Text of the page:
Structure of Lobster Apocrustacyanin A1 Using Softer X-RaysCianci, M., Rizkallah, P.J., Olczak, A., Raftery, J., Chayen, N.E., Zagalsky, P.F., Helliwell, J.R.
(2001) Acta Crystallogr D Biol Crystallogr 57: 1219
- PubMed: 11526313
- DOI: 10.1107/s0907444901009350
- Primary Citation of Related Structures:
- PubMed Abstract:
- Apocrustacyanin A1 from the Lobster Carotenoprotein Alpha-Crustacyanin: Crystallization and Initial X- Ray Analysis Involving Softer X-Rays
Chayen, N.E., Cianci, M., Olczak, A., Raftery, J., Rizkallah, P.J., Zagalsky, P.F., Helliwell, J.R.
(2000) Acta Crystallogr D Biol Crystallogr 56: 1064
The molecular basis of the camouflage colouration of marine crustacea is often provided by carotenoproteins. The blue colour of the lobster carapace, for example, is intricately associated with a multimacromolecular 16-mer complex of protein subunits each with a bound astaxanthin molecule ...
The molecular basis of the camouflage colouration of marine crustacea is often provided by carotenoproteins. The blue colour of the lobster carapace, for example, is intricately associated with a multimacromolecular 16-mer complex of protein subunits each with a bound astaxanthin molecule. The protein subunits of crustacyanin fall into two distinct subfamilies, CRTC and CRTA. Here, the crystal structure solution of the A(1) protein of the CRTC subfamily is reported. The problematic nature of the structure solution of the CRTC proteins (both C(1) and A(1)) warranted consideration and the development of new approaches. Three putative disulfides per protein subunit were likely to exist based on molecular-homology modelling against known lipocalin protein structures. With two such subunits per crystallographic asymmetric unit, this direct approach was still difficult as it involved detecting a weak signal from these sulfurs and suggested the use of softer X-rays, combined with high data multiplicity, as reported previously [Chayen et al. (2000), Acta Cryst. D56, 1064-1066]. This paper now describes the structure solution of CRTC in the form of the A(1) dimer based on use of softer X-rays (2 A wavelength). The structure solution involved a xenon derivative with an optimized xenon L(I) edge f" signal and a native data set. The hand of the xenon SIROAS phases was determined by using the sulfur anomalous signal from a high-multiplicity native data set also recorded at 2 A wavelength. For refinement, a high-resolution data set was measured at short wavelength. All four data sets were collected at 100 K. The refined structure to 1.4 A resolution based on 60 276 reflections has an R factor of 17.7% and an R(free) of 22.9% (3137 reflections). The structure is that of a typical lipocalin, being closely related to insecticyanin, to bilin-binding protein and to retinol-binding protein. This A(1) monomer or dimer can now be used as a search motif in the structural studies of the oligomeric forms alpha- and beta-crustacyanins, which contain bound astaxanthin molecules.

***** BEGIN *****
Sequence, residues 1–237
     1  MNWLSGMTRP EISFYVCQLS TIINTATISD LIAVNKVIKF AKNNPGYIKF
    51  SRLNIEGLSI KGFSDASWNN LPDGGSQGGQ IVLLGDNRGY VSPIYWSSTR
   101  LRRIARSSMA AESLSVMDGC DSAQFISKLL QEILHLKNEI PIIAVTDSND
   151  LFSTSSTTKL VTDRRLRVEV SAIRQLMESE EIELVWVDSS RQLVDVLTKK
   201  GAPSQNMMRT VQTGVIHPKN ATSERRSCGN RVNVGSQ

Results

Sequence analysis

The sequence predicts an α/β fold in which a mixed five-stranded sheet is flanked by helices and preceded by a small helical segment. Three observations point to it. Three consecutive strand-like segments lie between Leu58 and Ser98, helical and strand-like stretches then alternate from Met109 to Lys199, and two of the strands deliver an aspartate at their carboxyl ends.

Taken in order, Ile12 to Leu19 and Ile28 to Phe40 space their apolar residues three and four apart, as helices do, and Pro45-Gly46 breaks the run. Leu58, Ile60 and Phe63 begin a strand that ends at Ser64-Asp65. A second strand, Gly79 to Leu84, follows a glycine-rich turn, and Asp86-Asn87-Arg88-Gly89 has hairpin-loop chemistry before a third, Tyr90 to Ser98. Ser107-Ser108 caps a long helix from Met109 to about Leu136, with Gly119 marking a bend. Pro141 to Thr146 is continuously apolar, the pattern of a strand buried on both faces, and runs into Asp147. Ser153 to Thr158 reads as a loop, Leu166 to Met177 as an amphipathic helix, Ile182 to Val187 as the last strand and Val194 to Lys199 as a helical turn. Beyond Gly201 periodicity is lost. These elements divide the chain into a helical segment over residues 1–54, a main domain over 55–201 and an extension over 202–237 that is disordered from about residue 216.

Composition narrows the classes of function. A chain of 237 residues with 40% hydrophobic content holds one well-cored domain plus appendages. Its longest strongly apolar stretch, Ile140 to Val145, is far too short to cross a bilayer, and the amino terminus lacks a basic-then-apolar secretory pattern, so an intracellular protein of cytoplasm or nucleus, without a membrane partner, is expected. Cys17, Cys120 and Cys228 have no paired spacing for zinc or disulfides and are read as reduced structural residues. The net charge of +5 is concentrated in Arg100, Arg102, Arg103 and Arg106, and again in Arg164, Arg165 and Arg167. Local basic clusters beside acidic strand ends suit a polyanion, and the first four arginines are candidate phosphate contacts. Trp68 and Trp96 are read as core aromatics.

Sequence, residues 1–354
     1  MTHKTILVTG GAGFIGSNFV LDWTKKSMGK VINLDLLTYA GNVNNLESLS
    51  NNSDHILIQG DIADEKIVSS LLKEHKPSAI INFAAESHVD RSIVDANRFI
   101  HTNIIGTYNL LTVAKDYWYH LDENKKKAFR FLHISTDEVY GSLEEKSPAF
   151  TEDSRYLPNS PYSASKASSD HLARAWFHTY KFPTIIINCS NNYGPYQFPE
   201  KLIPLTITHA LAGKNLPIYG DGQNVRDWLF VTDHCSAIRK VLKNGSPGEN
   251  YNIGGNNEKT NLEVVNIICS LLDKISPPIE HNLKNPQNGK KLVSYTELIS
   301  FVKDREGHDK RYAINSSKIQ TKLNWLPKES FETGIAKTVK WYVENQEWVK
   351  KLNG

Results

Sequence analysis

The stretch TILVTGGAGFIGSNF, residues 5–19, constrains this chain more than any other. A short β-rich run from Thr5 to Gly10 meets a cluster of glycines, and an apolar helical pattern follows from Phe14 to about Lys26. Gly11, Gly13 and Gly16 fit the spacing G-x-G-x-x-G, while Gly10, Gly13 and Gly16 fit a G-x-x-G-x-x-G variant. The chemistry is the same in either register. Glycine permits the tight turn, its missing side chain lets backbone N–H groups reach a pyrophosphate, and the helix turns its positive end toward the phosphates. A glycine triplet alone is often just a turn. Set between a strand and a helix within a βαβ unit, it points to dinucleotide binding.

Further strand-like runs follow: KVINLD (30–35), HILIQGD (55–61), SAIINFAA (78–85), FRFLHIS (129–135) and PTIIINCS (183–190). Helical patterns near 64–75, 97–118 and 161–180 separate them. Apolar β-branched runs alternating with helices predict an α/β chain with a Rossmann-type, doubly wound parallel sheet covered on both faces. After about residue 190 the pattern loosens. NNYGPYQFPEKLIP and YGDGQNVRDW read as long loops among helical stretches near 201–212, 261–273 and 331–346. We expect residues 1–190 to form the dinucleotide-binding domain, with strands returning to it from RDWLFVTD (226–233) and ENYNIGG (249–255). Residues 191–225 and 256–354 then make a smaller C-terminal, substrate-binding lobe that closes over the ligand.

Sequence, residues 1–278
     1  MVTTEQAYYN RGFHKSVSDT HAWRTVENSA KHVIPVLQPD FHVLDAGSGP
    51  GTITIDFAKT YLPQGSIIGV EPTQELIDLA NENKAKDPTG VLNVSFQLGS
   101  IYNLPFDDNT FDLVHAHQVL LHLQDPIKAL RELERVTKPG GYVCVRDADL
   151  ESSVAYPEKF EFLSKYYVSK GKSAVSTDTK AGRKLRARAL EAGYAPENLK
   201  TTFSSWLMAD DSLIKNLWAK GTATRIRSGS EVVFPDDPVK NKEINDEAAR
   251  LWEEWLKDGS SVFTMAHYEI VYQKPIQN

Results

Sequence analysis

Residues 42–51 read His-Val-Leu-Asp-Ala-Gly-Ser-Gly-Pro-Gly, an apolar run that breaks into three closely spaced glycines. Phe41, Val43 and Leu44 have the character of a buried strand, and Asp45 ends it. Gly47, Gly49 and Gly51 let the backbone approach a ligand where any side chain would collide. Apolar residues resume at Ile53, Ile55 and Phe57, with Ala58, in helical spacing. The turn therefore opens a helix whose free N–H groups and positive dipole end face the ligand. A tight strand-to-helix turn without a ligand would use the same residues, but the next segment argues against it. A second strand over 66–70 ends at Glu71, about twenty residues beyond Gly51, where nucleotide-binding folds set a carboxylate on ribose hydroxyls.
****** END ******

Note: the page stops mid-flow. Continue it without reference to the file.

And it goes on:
Department of Chemistry, University of Manchester, Manchester M13 9PL, England.